Corneal Disease & Transplants

What is the cornea?

The cornea is a clear, dome-shaped tissue at the front of the eye that focuses light, which is then delivered to the retina. It also acts as a shield to protect the eye against dust and debris. The cornea has five layers to it: epithelium, Bowman’s layer, stroma, Descemet’s membrane and endothelium. If the cornea becomes damaged–whether from injury, disease, or a genetic condition–the cornea can swell or become scarred, leading to clouded or distorted vision, even blindness. Additionally, any damage can be extremely painful.

Causes of Corneal Disease and Degeneration

There are many causes of corneal disease and degeneration. This includes trauma, infection, swelling after cataract surgery, and inherited disorders. Conditions that may cloud your vision and require a transplant include, but not exclusive to:

The Corneal Transplant Procedure

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There are several forms of corneal transplantation procedures, and each type is targeted to treat certain disease. Fortunately, corneal transplants have an extremely high success rate, and more than 44,000 are performed in the U.S. each year. At our Norfolk and Virginia Beach eyecare practice, the procedure is typically performed as an outpatient procedure. You will be given eye drops and perhaps a sedative as well to help you relax throughout the surgery; a local or general anesthesia will also be used.

  1. Penetrating Keratoplasty (PKP) –your damaged cornea is carefully removed and replaced with a donor cornea of full thickness, which is carefully sutured into place. To complete your procedure, a shield is placed over your eye for protection.
  2. Endothelial Keratoplasty (EK) – many patients who suffer from corneal swelling problems due to diseases like Fuchs’ dystrophy can benefit from a partial corneal transplantation that replaces the inner-most part of the cornea alone. Corneal swelling occurs from a dysfunction of the endothelium, which is the inner layer, and preferentially treating this with an EK, with either a Descemet’s-stripping endothelial keratoplasty (DSEK) or a Descemet’s membrane endothelial keratoplasty (DMEK), can lead to quicker vision recovery.
  3. Deep anterior lamellar keratoplasty (DALK) – in certain instances, such as a mild corneal scar or in less advance forms of keratoconus, a DALK procedure can be very helpful. This procedure is a partial corneal transplant procdure that replaces the outer layers of the cornea only. The benefits of a DALK procedure include faster visual recovery and a decreased risk of corneal graft rejection.

YouTube video

DSEK or Descemet’s Stripping Endothelial Keratoplasty patient Lorraine Graves tells why she entrusted her corneal transplant procedure to Dr. John Sheppard and Virginia Eye Consultants.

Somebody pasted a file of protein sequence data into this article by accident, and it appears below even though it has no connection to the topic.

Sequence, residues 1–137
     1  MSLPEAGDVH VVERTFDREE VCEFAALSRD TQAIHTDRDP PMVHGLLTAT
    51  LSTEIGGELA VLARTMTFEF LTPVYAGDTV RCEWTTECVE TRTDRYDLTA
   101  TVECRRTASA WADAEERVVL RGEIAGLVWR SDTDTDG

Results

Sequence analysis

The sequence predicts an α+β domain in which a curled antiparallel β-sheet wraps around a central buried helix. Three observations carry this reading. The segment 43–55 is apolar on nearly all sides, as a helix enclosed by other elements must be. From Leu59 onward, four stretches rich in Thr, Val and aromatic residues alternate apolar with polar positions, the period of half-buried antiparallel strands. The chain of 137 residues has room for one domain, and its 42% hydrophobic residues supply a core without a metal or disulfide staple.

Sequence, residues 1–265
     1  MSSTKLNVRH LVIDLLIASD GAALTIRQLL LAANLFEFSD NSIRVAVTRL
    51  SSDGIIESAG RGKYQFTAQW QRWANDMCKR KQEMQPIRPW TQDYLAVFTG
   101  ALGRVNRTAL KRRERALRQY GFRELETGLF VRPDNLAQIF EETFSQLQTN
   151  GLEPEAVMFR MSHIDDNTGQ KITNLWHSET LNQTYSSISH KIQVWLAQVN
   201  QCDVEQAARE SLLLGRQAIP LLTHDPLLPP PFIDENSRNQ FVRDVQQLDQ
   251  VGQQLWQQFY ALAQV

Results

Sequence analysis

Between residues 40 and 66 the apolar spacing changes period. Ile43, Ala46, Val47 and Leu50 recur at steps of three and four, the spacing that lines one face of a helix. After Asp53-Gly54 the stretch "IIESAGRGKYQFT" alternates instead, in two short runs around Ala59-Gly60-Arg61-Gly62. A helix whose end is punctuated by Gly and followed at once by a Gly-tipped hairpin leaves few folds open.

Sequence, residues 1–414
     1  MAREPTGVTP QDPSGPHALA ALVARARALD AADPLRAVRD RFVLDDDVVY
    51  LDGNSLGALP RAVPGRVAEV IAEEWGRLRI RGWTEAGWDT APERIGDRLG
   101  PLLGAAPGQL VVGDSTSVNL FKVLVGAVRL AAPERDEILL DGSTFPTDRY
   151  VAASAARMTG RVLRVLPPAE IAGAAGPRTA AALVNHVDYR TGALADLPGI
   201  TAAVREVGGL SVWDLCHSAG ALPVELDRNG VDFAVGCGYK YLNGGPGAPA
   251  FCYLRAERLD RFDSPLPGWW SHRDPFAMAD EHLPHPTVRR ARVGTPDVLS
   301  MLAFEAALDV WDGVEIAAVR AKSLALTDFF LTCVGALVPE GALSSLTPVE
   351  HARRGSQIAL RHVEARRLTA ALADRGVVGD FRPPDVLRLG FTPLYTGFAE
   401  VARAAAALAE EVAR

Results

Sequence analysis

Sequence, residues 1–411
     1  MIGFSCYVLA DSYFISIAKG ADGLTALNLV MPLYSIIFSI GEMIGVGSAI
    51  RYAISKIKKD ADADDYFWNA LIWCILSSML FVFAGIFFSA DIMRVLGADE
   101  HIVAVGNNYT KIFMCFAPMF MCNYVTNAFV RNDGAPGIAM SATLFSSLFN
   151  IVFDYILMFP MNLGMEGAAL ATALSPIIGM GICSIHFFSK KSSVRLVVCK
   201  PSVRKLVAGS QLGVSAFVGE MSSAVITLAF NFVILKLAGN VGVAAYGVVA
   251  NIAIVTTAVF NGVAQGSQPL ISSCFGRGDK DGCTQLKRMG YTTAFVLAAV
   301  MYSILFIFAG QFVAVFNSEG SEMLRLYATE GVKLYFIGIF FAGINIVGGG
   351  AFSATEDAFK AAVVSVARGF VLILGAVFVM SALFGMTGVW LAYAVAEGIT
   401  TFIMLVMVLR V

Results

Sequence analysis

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Recovery from a Corneal Transplant

If you undergo the corneal transplant as an outpatient procedure, you will most likely be able to return home soon after your surgery. However, you will need someone to drive you. During the recovery period, it is important you follow your doctor’s home care instructions to maximize the potential success of the procedure. Such post-operative instructions include using eyedrops as prescribed, as well as avoiding rubbing or putting pressure on the treated eye. Any pain or discomfort can be controlled with over-the-counter medication.

A follow-up visit will be scheduled for the next day to ensure healing is going smoothly. Sutures typically are not removed for several months, and this will depend on the rate of your healing. It can take anywhere from three months to a year to achieve optimal vision results. If you have any questions throughout this period, please don’t hesitate to give us a call.

Risks & Complications

While the majority of corneal transplants are successful, it is possible for your body to reject the donor tissue. Signs of a rejected transplant include chronic eye discomfort, sensitivity to light, redness, and worsening of vision. If you experience any of these symptoms, please contact your surgeon. Other potential complications include infection, swelling, bleeding, and increased risk of glaucoma. However, all of these complications can be treated, and if needed, the procedure can be repeated. Although corneal transplants can improve your vision, any existing eye conditions can still affect your vision over time.

YouTube video

Virginia Eye Consultants specializes in every aspect of eye health. Marilyn Fox talks about her corneal transplant procedure performed by Dr. John Sheppard, President of Virginia Eye Consultants.

Contact Virginia Eye Consultants

If you would like more information about corneal disease and transplants, please contact us to schedule an appointment with a corneal specialist.

The doctors at Virginia Eye Consultants have either authored or reviewed the content on this site.




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